I have a head full of technology and science. Which is to say, I believe in empirical truths about the nature of the world and my place in it. I am a utilitarian in many things, eschewing novelty in favour of diligence and productivity as a matter of course. My chosen career in software development requires an evidence-based modus operandi2 which I have occasionally applied to the subjective experiences of my daily living. It makes for some interesting Gedankenexperiment3 space, to think for myself about the cultural history of peoples and nations!

I have a little space of my own on the Internet where things I have had in mind from time-to-time are recorded for others to consider in their own quiet moments. Where I can participate in a unique culture like the world has never seen before. There are records of where I have been and what I have accomplished. Yes, it is more or less empty at the time of this writing (Jun 8, 2018 9:57 pm) and it appears I have done nothing whatsoever has changed! (May 20, 2019 2:25 pm)

But oh how empty! What a sweet slice of nothing I have. How superbly light and free from cruft; from advertising; from surveillance; from usurpation; from the not-me-ness that is in-your-face in some other places online where we may go together (or apart).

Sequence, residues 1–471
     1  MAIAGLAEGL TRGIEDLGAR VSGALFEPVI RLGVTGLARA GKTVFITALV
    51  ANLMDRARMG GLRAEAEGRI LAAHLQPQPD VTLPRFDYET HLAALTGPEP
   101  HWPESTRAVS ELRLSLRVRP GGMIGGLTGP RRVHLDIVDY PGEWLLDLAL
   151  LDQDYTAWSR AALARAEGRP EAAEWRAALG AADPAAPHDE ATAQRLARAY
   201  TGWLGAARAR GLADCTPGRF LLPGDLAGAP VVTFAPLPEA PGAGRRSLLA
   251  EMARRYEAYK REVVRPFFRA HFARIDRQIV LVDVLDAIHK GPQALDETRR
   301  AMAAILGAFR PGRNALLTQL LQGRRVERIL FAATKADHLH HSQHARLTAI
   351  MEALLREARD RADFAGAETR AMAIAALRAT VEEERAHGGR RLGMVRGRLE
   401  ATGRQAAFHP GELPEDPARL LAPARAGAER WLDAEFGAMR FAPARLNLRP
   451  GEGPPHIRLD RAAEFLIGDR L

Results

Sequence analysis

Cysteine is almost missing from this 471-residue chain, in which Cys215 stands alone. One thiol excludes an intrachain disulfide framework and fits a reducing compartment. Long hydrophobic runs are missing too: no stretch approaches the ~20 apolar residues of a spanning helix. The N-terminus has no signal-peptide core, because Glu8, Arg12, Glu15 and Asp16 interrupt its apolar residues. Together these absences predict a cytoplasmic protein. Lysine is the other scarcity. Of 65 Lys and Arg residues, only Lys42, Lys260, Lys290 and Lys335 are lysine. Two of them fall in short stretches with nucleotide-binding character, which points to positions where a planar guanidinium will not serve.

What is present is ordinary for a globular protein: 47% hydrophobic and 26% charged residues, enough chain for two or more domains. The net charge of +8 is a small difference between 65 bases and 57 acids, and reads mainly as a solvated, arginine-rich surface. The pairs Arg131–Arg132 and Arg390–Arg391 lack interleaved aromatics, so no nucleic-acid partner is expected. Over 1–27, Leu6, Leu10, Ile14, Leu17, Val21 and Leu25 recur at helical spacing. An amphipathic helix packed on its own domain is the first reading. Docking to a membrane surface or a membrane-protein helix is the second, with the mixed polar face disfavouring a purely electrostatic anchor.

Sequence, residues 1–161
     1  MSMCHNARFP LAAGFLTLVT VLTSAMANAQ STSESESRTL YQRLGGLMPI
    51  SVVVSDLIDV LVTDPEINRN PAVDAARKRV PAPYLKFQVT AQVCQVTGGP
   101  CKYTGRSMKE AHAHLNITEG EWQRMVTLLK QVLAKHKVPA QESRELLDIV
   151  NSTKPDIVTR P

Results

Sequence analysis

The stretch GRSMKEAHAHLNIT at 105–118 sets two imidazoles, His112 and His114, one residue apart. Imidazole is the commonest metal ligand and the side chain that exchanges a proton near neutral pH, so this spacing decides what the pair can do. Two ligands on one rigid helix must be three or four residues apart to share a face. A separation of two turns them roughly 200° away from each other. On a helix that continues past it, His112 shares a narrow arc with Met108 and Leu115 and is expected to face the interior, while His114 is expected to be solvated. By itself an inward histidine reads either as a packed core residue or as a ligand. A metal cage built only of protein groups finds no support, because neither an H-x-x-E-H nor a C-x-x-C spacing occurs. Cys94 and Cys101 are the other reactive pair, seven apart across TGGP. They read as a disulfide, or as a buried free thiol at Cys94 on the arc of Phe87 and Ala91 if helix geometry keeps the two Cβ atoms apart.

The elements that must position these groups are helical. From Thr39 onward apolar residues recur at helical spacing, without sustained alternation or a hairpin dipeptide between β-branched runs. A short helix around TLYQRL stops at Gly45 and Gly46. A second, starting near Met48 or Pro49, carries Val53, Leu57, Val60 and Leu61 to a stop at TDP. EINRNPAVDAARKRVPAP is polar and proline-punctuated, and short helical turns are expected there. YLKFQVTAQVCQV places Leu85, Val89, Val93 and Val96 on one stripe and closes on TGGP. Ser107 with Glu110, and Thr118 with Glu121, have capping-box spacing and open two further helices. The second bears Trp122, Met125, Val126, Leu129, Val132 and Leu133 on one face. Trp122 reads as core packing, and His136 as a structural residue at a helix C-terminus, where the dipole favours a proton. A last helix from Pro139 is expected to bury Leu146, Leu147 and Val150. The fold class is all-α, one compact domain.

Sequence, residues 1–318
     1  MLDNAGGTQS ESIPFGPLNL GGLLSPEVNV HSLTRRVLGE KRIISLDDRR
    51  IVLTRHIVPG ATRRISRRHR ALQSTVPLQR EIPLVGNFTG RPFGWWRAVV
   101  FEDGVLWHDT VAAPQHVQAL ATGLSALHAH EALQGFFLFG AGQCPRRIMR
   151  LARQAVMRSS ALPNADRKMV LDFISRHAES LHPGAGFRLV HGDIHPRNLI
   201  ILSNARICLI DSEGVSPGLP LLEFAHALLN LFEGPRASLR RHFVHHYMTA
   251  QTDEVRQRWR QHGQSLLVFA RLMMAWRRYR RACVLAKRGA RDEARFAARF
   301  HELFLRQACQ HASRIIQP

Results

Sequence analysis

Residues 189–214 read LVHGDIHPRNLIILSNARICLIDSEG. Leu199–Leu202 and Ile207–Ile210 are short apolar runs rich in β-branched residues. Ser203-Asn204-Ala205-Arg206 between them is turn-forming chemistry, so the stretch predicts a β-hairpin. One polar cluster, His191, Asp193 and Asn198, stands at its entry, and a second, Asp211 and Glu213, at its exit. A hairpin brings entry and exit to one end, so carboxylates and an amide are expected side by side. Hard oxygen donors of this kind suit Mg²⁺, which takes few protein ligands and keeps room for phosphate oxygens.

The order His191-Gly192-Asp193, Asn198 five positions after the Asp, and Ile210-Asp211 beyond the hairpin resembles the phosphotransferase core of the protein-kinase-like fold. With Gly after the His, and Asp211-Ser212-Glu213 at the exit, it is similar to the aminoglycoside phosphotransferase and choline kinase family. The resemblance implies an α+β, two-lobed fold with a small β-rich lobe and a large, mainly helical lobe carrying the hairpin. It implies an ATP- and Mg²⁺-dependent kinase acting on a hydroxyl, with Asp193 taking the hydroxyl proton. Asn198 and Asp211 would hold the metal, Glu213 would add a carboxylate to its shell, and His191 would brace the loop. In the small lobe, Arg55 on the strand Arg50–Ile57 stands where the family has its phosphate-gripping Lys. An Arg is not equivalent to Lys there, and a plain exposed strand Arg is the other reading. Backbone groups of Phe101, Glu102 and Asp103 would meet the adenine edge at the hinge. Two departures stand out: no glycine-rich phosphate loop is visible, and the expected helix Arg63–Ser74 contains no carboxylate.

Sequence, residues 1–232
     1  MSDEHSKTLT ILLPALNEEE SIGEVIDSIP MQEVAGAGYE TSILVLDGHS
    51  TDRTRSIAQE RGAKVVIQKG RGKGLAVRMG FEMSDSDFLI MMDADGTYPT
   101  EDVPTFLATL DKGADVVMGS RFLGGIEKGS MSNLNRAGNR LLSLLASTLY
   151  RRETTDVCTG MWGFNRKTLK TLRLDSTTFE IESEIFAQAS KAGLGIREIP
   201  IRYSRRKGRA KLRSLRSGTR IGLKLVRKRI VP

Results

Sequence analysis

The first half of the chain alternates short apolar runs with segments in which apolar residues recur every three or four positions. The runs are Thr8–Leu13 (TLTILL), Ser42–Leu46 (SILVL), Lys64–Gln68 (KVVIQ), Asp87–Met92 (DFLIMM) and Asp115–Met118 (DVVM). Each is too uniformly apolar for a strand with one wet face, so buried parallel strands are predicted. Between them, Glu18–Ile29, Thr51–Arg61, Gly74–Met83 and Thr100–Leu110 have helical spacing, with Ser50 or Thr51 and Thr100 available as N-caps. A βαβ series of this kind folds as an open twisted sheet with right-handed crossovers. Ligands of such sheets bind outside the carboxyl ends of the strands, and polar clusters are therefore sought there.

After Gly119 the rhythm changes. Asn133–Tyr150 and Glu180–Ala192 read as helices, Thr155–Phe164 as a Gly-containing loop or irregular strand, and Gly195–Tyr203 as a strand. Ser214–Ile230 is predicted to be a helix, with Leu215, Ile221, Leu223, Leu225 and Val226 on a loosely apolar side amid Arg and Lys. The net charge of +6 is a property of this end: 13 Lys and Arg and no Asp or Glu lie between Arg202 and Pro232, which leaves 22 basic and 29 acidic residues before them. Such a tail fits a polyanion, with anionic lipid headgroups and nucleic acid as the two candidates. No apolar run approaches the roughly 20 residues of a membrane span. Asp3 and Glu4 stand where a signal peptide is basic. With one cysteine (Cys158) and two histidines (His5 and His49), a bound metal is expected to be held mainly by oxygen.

Speaking of together, have you heard of the IndieWeb yet? I do recommend you have a look, for yourself.

“There are going to be times when we can’t wait for somebody. Now, you’re either on the bus or off the bus. If you’re on the bus, and you get left behind, then you’ll find it again. If you’re off the bus in the first place — then it won’t make a damn.”Ken Kesey (1968)4

Tick-tock friendly stranger.

  1. Metronome, https://en.wikipedia.org/wiki/Metronome#History
  2. Modus operandi, https://en.wikipedia.org/wiki/Modus_operandi
  3. Gedankenexperiment, https://en.wikipedia.org/wiki/Thought_experiment
  4. The Electric Kool-Aid Acid Test, Ken Kesey, https://en.wikipedia.org/wiki/The_Electric_Kool-Aid_Acid_Test